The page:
The healing power of chickweed

Chickweed is easy to identify because the stems have white hairs on one side. It is a delicious herb or vegetable and grows easily to a height of 3 to 40 centimeters. It decorates a garden with all kinds of small flowers; it is an edible ornamental plant. It is unworthy of being classified as a weed. Anyone who keeps birds in a cage would do well to ensure that chickweed grows in the garden; birds love fresh chickweed. It is astringent, carminative, emollient, diuretic, expectorant, laxative, cooling and wound healing. NB! This article is written from the personal view of the author and may contain information that is not scientifically substantiated and/or in line with the general view.

Botanical drawing of chickweed / Source: Carl Axel Magnus Lindman, Wikimedia Commons (Public domain)

Contents:

  • Prevent chickweed
  • Traditional use of chickweed
  • Naming
  • Active substances
  • Wallwort for itching
  • Wallwort, a general tonic
  • Other medicinal effects of chickweed
  • Dose and safety
  • Visit a doctor or herbal therapist

Prevent chickweed

Chickweed is a plant found all over the world, but it is most commonly seen in Europe, West Asia and North America. It sometimes appears spontaneously in the garden and prefers to grow in fallow fields, along ditch banks and in orchards. In the wild it can grow in a variety of conditions and terrains. It can withstand full sun but also does well in partial shade. It is used as a medicinal plant in phytotherapy.

Traditional use of chickweed

Chickweed is used in traditional folk medicine to make a tea for lung, bladder and kidney diseases. It is even used in folk medicine for tuberculosis and blood coughing. According to folk customs, a wrap helps with lupus, skin rashes and growths. The decoction can be used as an eye wash for some eye conditions. Furthermore, chickweed is a wild vegetable; it is picked, flowers and stems and all, and added to a meal. You can cut it small to use in a yogurt dressing for a salad. But it can also be done on bread instead of alfalfa. It can also be added to a mixed salad, in soup, or as an addition to mashed potatoes.

Naming

In Latin, chickweed is called Stellaria media . In Dutch, this plant has a few alternative names: Wallwort, Gooseweed, Duck Intestine, Hoenderbeet, Hornwort, Antseed, Star Wall, Bird’s Eye Herb and White Wall. The references to the birds are an indication that these species eat chickweed. The flowers resemble a star, hence the name stellaria. In Frisian the plant is called Túnerf.

Active substances

The herb growing above ground is used for phytotherapeutic purposes. It contains the following important active ingredients: saponin glycosides, the flavonoid rutin, vitamin C, coumarins, hydroxycoumarins, carboxylic acids, triterpenes, fatty oil, silicon, magnesium and potassium.

Wallwort for itching

Wallwort is soothing, cooling and anti-inflammatory. It also has an astringent or astringent effect. It is seen in phytotherapy as the best herb to prevent itching. This effect does not seem to be confirmed by science, but in practice chickweed is often the only effective remedy for skin irritation and itching. That is why chickweed is used in ointments aimed at relieving itching. In phytotherapy it is mainly used for the following skin problems:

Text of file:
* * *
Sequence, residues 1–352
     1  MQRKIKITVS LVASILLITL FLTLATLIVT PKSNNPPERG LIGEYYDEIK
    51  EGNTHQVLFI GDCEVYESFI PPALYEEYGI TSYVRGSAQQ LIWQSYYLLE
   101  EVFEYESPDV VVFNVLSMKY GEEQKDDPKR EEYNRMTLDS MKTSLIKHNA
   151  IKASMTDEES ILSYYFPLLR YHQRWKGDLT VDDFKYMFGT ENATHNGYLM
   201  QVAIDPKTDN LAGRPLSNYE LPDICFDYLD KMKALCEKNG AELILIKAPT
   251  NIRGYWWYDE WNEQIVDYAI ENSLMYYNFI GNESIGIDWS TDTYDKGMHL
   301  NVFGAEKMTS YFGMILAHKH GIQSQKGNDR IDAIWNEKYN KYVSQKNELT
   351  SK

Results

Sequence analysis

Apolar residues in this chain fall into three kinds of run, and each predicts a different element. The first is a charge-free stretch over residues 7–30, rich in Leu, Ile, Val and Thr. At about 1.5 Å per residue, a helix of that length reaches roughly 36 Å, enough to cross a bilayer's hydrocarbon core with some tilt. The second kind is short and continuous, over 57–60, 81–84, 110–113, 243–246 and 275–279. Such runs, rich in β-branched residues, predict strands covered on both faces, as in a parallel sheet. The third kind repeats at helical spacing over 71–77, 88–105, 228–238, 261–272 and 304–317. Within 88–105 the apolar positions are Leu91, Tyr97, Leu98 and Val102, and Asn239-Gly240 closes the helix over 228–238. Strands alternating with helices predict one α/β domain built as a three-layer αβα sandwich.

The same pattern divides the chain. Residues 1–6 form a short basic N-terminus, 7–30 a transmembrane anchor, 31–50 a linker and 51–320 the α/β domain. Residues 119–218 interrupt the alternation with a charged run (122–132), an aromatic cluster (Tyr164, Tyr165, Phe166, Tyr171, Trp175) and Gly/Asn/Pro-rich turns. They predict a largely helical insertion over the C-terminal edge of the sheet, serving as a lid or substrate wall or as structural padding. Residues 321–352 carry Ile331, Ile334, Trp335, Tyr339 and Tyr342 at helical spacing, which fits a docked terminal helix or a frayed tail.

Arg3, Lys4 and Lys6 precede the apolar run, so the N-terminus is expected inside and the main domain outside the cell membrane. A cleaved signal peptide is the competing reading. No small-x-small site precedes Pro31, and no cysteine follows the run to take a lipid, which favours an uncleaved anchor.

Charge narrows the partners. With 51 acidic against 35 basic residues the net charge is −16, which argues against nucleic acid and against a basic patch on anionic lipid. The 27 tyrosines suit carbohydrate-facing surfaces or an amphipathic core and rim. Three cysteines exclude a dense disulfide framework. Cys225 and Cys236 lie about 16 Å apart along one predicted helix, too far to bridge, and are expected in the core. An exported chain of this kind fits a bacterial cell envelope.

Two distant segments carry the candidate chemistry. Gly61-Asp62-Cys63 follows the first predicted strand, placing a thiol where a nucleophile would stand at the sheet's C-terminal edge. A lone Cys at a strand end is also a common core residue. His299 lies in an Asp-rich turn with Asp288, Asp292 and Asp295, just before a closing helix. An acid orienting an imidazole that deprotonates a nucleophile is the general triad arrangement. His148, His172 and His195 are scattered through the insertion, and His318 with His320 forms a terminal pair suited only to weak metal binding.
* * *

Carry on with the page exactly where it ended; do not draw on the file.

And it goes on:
• Eczema,
  • Psoriasis,
  • Superficial inflammations,
  • Swellings,
  • Rheumatic pains,
  • Wounds,
  • Varicose ulcers.

Wallwort, a general tonic

Wallwort is a good remedy for a wide variety of conditions. This is partly because it contains a great diversity of nutrients and the phytonutrients together have a synenergetic or mutually reinforcing effect. It has a tonic activity or a general strengthening effect and is mainly used in phytotherapy for the following indications:

Stellaria media or chickweed / Source: Jeantosti, Wikimedia Commons (CC BY-SA-3.0)

  • Fatigue,
  • Recovery after illness or surgery,
  • palpitations,
  • Respiratory diseases.

Other medicinal effects of chickweed

  • Chickweed is diuretic; it helps moisture to drain faster.
  • Chickweed soothes the bladder and kidneys.
  • This herb reduces inflammation in the stomach.
  • It counteracts gastroesophageal reflux or heartburn in the throat.

Dose and safety

There are a number of ways to use this medicinal plant to achieve the desired medicinal effect.

  • A handful of chickweed can be mixed in the blender with fruit or vegetable juice.
  • A handful of herb can be used in a liter of water to make tea. You can drink a cup of this before every meal.
  • Chickweed is a safe product; it can even be eaten. You can prepare it in the same way as spinach.
  • The herb must be used fresh to achieve the best possible effect.

Visit a doctor or herbal therapist

Much of the information about the medicinal plant mentioned in this article comes from the book Groot Handboek Medicinal Plants by Geert Verhelst. That is a handbook in phytotherapy. However, it is not suitable for self-healing. Anyone who suffers from something should consult a doctor or herbal therapist for a good diagnosis and choice of the best remedies, tailored to your personal situation. The knowledge and science mentioned here is of a purely informative nature.